NORMAN — British geoscientist Michael A. Ellis will present a complimentary public lecture about Anthropocene, the scientific proposal that the Earth has entered into a new geological epoch defined by the impacts on human activity, on Jan. 29 at the University of Oklahoma.
“The Anthropocene: A Brave New World?” is scheduled for 8 p.m. in the Ethics and Excellence in Journalism Foundation Auditorium in Gaylord Hall, 395 W. Lindsey St. The talk is sponsored by the OU Department of Philosophy.
During the lecture, Ellis will explain the evidence that supports the proposal of the Anthropocene. He also will examine the mix of harmful and beneficial effects the Anthropocene could bring.
Ellis is science director for climate landscape change at the British Geological Survey, where he oversees the development of a broad range of research projects, including the origins and dynamics of Earth’s past climate changes, the dynamics of glacial retreat and environmental-impact modeling. He has been published in scientific journals and had his article on Anthropocene appear in the inaugural issue of “Earth’s Future.”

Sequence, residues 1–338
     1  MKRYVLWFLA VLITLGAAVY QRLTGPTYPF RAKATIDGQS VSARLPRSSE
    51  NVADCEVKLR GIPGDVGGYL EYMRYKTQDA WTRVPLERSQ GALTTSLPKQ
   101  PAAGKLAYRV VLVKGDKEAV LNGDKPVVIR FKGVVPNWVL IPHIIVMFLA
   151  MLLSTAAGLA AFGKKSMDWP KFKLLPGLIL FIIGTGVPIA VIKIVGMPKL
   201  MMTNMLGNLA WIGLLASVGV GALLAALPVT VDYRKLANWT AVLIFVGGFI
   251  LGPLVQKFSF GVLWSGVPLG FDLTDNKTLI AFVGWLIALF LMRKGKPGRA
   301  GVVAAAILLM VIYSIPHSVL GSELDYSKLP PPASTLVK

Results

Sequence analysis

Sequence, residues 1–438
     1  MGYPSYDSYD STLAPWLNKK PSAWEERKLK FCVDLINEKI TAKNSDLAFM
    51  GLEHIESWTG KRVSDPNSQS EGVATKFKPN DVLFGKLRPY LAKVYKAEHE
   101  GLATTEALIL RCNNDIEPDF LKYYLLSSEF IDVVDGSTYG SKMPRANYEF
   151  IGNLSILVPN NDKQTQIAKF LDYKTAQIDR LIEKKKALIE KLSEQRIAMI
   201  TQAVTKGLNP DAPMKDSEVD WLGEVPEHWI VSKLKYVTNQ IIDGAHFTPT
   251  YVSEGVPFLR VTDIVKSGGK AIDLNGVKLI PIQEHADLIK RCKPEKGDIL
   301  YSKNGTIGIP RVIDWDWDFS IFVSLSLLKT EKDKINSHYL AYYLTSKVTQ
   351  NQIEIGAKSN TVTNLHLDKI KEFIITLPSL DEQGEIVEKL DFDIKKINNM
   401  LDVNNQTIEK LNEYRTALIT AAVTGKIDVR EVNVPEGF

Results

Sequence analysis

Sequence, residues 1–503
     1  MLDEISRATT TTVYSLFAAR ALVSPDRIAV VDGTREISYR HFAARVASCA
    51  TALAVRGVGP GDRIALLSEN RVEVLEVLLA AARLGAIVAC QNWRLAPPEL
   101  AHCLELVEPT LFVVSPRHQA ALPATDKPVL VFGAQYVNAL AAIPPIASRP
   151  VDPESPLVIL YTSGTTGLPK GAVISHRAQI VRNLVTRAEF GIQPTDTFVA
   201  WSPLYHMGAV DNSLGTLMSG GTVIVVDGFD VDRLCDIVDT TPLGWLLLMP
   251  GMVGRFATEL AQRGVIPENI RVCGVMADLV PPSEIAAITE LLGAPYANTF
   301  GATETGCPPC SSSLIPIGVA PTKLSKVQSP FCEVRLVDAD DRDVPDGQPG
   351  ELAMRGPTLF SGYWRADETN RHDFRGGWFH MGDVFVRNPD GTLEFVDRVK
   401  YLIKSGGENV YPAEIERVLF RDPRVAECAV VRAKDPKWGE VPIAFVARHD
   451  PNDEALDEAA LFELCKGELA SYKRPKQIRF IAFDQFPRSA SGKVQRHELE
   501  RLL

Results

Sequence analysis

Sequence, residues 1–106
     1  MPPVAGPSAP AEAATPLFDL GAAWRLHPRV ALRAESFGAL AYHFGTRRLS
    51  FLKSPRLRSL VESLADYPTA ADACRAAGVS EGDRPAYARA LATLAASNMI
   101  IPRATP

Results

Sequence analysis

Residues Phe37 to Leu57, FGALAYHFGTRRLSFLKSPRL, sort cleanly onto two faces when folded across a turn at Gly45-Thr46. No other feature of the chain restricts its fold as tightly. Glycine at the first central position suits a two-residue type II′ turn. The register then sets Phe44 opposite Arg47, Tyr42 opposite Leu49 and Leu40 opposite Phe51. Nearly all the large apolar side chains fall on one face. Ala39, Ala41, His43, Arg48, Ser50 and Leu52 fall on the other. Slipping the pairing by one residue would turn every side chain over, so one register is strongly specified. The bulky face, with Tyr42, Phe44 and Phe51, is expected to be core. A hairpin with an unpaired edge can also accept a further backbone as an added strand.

Ellis is the first speaker of the OU Presidential Dream Course’s public lecture series connected with the course “Environmental Ethics in the Anthropocene” taught by Zev Trachtenberg, associate professor of philosophy.
The goal of the class is to explore the ethical challenges presented by the central idea of the Anthropocene, namely that human activity now plays a decisive role in natural systems. The class will take an interdisciplinary approach, using Dream Course funding to bring an ecologist, an anthropologist and a geographer, as well as Ellis.
At 8 p.m. Feb. 19, ecologist Michelle Marvier of Santa Clara University will present “Protecting Nature in the Anthropocene: The Battle Between Pragmatism and Ideals Within the Conservation Movement.”
At 8 p.m. March 12, anthropologist William Balée of Tulane University will present “Historical Ecology and Concepts of Anthropocene.”
To conclude the series, at 8 p.m. April 16, geographer Diana Liverman of the University of Arizona will present “The Geographies of Climate and Poverty in the Anthropocene.”
All presentations are free and open to the public.
For more information, contact Zev Trachtenberg at 325-6324 or email@example.com. For accommodations on the basis of disability, call 325-0918.
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